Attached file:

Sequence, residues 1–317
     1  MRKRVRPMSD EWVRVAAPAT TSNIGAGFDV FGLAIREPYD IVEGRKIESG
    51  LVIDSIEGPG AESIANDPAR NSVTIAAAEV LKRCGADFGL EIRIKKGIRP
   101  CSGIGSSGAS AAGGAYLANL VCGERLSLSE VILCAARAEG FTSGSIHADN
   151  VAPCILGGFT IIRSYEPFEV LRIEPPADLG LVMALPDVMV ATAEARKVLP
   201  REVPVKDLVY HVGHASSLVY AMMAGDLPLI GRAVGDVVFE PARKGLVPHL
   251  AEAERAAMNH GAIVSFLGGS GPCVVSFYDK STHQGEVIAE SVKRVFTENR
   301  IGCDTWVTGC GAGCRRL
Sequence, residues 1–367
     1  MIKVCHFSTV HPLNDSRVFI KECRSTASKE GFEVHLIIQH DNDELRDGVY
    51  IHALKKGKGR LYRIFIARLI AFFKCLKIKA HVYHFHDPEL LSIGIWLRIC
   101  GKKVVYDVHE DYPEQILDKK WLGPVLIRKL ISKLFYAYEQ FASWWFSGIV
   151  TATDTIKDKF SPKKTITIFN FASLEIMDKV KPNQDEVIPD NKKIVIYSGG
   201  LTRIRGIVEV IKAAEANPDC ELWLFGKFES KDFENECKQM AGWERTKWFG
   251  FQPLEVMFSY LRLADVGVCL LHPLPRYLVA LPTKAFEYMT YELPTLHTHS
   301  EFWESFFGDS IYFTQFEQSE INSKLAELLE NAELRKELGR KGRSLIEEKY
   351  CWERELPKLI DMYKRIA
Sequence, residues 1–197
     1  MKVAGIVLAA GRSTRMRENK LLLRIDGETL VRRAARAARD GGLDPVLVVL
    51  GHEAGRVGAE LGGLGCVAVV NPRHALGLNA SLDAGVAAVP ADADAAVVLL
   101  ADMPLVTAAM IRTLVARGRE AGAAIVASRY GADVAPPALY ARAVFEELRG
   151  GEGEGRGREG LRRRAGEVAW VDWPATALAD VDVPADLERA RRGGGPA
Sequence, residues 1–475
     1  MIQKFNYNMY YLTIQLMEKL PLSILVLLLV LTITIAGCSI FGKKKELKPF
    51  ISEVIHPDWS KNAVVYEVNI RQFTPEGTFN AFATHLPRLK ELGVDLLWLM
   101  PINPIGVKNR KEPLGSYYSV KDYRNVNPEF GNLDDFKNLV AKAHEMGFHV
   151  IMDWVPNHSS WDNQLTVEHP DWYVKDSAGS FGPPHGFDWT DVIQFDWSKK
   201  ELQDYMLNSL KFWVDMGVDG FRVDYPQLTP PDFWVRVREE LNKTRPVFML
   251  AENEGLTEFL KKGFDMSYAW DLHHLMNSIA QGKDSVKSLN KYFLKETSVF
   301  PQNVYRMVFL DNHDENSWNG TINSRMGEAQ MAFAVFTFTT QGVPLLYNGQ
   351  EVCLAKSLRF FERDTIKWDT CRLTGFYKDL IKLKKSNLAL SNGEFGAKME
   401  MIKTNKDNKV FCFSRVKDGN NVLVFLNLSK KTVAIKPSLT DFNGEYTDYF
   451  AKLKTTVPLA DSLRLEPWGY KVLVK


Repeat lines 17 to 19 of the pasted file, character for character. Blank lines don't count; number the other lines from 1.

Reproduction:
   351  CWERELPKLI DMYKRIA
Sequence, residues 1–197
     1  MKVAGIVLAA GRSTRMRENK LLLRIDGETL VRRAARAARD GGLDPVLVVL